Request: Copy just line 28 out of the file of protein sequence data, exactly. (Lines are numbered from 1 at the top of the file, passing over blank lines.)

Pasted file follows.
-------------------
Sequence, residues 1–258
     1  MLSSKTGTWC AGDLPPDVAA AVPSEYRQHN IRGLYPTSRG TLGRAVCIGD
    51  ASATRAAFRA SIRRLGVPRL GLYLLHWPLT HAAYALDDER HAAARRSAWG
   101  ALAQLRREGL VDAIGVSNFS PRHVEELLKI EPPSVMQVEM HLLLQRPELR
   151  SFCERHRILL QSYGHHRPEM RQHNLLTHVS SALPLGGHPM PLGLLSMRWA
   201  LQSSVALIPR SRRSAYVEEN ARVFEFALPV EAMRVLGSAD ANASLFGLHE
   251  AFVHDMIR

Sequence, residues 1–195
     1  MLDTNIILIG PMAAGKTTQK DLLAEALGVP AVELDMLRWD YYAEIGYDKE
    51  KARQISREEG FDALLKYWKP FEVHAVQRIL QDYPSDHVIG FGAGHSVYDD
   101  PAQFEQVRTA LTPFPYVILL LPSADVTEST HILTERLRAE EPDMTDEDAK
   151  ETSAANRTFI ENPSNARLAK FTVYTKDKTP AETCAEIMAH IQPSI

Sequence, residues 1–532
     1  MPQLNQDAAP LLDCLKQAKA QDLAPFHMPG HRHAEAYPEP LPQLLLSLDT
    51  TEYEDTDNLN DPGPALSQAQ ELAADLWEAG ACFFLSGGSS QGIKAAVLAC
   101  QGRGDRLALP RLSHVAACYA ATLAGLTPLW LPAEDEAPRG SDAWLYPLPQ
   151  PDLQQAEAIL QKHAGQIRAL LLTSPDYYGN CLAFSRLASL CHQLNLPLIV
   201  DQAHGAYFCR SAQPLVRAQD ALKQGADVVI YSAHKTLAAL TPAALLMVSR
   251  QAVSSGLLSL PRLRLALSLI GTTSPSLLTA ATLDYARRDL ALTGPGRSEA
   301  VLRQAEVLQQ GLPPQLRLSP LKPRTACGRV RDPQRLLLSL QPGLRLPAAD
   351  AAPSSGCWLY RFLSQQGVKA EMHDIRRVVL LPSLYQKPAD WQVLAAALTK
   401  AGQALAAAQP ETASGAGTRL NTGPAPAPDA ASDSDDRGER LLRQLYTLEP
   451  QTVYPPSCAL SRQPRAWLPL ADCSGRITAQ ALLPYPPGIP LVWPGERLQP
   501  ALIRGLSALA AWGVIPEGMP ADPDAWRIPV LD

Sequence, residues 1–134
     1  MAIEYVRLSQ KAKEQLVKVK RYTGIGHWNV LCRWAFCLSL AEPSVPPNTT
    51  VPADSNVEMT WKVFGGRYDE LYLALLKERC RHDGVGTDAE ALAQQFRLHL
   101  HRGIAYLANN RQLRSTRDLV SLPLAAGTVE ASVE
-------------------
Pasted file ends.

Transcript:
   101  HRGIAYLANN RQLRSTRDLV SLPLAAGTVE ASVE